- the supreme court observed that since January 1, 1960, when RA 2370 became effective
* barrios may not be created or their boundaries altered nor their names changed
Except: 1. Act of Congress
2. corresponding provincial boards (upon petition of the voters
in the areas affected and the recommendation of the council of
the municipality or municipalities in which the proposed barrio
is situated.
* Recognition of a de facto municipal corporation as such is primarily based on the premise that
municipal corporations can exist by prescription.
*Hence, acts of de facto municipal corporations will be respected and will be recognize as valid
binding as if it is a de jure corporation

Sultan OSOP Camid:
“ municipal corporations may exist by prescription where it is shown that the community has;
i. claimed and exercised corporate functions
ii. with the knowledge and acquiescence of the legislature,
iii. without interruption or objection for a period long enough to afford
title by prescription.”
Municipality of San Narciso case:
a. Pelaez case limited its nullificatory effect only to those executive orders
specifically challenged therein,
b. the court considered the applicability of sec 442 (d) of the local government
Further Supreme Court considere the following factors having validated the Creation:
i. the fact that for nearly thirty years the validity of the creation had never been
ii. the fact that following the ruling on pelaez no quo warranto suit was filed to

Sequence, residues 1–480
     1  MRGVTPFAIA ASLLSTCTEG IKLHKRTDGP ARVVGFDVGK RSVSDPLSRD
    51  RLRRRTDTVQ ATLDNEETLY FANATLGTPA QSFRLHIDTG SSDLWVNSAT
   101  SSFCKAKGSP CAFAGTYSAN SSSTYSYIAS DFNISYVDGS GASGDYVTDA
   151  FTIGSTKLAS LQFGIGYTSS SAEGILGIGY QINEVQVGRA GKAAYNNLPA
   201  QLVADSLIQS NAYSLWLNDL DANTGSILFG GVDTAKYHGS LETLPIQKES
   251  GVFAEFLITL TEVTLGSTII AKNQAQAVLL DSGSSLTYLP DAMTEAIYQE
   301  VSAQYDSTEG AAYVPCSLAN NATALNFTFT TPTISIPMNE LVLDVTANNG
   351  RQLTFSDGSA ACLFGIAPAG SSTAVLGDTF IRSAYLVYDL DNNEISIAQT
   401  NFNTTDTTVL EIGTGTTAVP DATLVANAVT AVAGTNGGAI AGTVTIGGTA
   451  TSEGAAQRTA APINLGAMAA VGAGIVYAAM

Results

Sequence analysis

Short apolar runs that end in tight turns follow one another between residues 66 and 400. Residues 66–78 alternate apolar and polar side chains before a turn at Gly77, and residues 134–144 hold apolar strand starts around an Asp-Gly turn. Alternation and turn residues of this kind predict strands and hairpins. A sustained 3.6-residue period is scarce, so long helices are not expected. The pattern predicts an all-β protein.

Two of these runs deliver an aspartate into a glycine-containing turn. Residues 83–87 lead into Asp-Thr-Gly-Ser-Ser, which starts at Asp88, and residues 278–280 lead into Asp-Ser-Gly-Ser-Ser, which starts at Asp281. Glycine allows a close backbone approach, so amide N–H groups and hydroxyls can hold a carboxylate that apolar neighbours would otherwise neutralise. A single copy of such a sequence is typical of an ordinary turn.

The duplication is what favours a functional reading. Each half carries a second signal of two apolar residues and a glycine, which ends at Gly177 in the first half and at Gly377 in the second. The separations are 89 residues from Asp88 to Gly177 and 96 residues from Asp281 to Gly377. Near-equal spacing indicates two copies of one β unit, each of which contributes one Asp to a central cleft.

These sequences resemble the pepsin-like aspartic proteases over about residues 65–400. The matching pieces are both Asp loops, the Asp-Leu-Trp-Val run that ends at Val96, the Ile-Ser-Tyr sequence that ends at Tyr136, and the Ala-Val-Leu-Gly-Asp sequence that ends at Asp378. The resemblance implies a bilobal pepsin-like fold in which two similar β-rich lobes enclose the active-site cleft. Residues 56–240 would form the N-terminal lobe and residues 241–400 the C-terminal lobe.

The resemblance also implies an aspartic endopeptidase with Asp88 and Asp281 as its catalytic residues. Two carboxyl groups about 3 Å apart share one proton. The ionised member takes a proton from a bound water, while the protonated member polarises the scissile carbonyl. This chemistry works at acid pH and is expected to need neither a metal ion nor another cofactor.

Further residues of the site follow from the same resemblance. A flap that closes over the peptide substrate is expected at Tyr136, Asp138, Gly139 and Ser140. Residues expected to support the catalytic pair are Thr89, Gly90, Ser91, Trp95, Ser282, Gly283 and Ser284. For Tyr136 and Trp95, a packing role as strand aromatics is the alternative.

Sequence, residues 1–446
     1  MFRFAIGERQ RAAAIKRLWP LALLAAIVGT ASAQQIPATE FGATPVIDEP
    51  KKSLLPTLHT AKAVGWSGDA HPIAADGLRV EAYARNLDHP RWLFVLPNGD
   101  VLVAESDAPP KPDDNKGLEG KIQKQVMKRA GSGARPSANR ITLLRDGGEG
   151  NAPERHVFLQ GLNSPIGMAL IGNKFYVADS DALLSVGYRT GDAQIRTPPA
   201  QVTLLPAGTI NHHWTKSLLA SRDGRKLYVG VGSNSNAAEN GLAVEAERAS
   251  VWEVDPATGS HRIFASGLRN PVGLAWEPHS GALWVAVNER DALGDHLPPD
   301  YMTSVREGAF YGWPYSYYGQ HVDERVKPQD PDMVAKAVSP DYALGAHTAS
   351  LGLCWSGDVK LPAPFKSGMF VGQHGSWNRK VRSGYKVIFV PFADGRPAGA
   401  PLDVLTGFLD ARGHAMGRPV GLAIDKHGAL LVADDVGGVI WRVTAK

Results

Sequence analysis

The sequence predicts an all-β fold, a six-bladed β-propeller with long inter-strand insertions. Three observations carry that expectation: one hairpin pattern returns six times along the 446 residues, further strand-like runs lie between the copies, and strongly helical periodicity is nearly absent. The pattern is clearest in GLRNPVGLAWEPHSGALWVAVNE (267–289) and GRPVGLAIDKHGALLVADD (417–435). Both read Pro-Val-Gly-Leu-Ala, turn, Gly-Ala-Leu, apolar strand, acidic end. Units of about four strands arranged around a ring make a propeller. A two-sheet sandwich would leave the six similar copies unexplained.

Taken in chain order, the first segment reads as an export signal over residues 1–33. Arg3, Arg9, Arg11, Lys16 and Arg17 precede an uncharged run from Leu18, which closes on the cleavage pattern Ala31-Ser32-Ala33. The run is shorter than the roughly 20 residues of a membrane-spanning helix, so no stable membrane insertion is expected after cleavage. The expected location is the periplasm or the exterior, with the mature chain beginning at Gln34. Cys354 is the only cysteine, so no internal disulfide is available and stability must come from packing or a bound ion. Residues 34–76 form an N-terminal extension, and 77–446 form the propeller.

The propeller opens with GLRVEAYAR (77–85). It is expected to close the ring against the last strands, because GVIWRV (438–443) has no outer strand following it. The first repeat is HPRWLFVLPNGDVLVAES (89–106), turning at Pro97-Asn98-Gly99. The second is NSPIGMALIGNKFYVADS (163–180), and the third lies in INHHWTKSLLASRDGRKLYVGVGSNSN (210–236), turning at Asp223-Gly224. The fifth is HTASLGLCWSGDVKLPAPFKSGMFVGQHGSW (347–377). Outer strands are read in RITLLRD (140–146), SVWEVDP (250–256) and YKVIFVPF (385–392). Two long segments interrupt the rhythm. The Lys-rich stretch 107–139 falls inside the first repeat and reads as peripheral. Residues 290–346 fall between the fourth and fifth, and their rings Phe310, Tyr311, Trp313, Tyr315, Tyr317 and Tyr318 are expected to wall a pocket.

question the validity of the executive order crating such municipality
iii. the fact that the municipality was later classified as a fifth class municipality,
organized as part of a municipal circuit court and considered part of the legislative district in the

Section 442 (d) cannot be applied (sultan osop camid case)
i. where the executive order creating the municipality has already been
annulled by the supreme court.
ii. the alleged continued exercise of powers has not been factually
established in a trial.
Municipality of candijay  same with San Narciso Case
Municipality of Jimenez Case
“Supreme Court has since held that where a municipality created as such by executive order
is later impliedly recognized and its acts are accorded legal validity, its creation can no longer
be questioned.”
8. Method of challenging municipal corporations
- An inquiry into the legal existence of a municipal Corporation is reserved to the State in a
direct proceeding for quo warranto. (malabang vs benito)
- The prohibition on collateral attack applies only when the municipal corporation is
atleast a de facto corporation.

What? i. its existence maybe questioned collaterally or directly in any action or
Who? ii. by anyone whose rights or interest are affected thereby, including the citizens
of the territory incorporated,
Except? iii. Unless they are stopped by their conduct from doing so.
C. Overview of the Philippine local Government System
1. The unitary vs Federal form of government